Last week, the Provincial Court of Saskatchewan convicted a father and son of having "without a valid permit authorizing the activity" altered or caused to be altered "the configuration of the bed, bank or boundary of any river, stream, lake, creek or marsh or other watercourse or water body, contrary to s.361(1)(a) of The Environmental Management and Protection Act, 2002, S.S. 2003, c. E-10.21."
The son, "Willy" Kozub, owns land at the west end of Round Lake. His father was the previous owner of the property. While the son was in Alberta during the winter of 2007-08, his father decided to "clean up" part of the shoreline on the property, which was being proposed for subdivision by the Kozubs. The father removed large amounts of debris that had built up on the area with a skidsteer, but in the process of doing so, altered the shoreline.
When the son returned to the property in the spring, he was upset to find what had occurred. He was concerned that the work done on the property would upset neighbours and the Ministry of the Environment. Kozub Jr. then went out and tried to put the shoreline back into the shape it had been before his father's intervention.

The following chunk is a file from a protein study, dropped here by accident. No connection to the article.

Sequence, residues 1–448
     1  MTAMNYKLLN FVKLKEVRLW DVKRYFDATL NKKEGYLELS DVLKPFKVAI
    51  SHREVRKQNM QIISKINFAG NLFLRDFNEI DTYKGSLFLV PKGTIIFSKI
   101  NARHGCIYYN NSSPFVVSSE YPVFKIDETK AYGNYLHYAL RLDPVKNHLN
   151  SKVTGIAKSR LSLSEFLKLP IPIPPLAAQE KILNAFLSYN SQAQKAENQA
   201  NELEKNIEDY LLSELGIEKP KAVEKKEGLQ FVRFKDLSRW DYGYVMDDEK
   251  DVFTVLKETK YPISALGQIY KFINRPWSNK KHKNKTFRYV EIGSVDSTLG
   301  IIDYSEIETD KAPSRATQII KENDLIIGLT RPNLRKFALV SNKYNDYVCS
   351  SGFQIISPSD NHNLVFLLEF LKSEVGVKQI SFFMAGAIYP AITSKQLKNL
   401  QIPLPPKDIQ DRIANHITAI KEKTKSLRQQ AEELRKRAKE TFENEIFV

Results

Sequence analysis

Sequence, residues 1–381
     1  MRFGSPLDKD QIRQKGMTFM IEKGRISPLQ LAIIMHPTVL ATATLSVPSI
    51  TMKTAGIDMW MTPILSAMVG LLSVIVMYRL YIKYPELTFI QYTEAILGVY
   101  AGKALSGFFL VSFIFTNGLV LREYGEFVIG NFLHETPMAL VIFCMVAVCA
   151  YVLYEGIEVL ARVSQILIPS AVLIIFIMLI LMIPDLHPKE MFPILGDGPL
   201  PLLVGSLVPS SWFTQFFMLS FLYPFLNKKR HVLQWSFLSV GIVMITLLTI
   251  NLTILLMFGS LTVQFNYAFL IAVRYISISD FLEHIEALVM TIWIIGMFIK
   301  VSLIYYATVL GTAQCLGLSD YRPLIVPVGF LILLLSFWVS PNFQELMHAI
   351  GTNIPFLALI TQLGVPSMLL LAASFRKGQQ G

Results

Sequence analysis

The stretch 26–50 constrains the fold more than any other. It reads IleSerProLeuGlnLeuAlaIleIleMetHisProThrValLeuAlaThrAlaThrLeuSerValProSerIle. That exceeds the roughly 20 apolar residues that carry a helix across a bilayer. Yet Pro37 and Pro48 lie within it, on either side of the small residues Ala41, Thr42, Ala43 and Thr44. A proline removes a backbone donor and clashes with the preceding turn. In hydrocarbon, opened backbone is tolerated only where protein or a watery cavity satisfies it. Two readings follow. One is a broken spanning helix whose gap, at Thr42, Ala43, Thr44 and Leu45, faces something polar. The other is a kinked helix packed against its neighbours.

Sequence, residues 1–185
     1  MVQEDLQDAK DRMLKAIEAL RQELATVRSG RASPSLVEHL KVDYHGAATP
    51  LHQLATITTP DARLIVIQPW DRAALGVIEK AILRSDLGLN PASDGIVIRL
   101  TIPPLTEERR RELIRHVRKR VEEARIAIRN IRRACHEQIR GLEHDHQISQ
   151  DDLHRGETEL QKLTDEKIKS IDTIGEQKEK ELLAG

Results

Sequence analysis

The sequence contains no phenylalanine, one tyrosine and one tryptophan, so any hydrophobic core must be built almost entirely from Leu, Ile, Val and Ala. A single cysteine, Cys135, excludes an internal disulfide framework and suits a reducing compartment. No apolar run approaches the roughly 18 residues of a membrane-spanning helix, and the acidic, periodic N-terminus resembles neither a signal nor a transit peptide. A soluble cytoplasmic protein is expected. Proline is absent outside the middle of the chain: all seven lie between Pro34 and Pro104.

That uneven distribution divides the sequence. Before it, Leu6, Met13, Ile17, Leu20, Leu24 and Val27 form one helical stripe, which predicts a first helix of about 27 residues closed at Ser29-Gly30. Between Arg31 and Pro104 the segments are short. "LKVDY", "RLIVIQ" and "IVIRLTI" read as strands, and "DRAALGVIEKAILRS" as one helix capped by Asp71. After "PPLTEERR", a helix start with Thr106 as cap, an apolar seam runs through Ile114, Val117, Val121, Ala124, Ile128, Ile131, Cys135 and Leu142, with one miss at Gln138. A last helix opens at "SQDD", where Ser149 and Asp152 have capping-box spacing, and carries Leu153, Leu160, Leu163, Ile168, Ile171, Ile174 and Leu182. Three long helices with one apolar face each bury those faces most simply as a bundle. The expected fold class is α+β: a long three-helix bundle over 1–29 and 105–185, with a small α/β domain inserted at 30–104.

Both father and son were charged and convicted for having altered the shoreline without permission from the Ministry of the Environment. Once it was established that they had done the alterations without permission, a conviction was likely. The offence under the Act is one of strict liability, which basically means that if the facts required for the offence are proven (i.e. that you did what was not supposed to be done), then you're guilty unless you have a defence of due diligence (you took all reasonable steps to avoid committing the offence or you believed in a mistaken set of facts which, if proven true, would render the act or omission innocent).
Read the decision at: R. v. Kozub.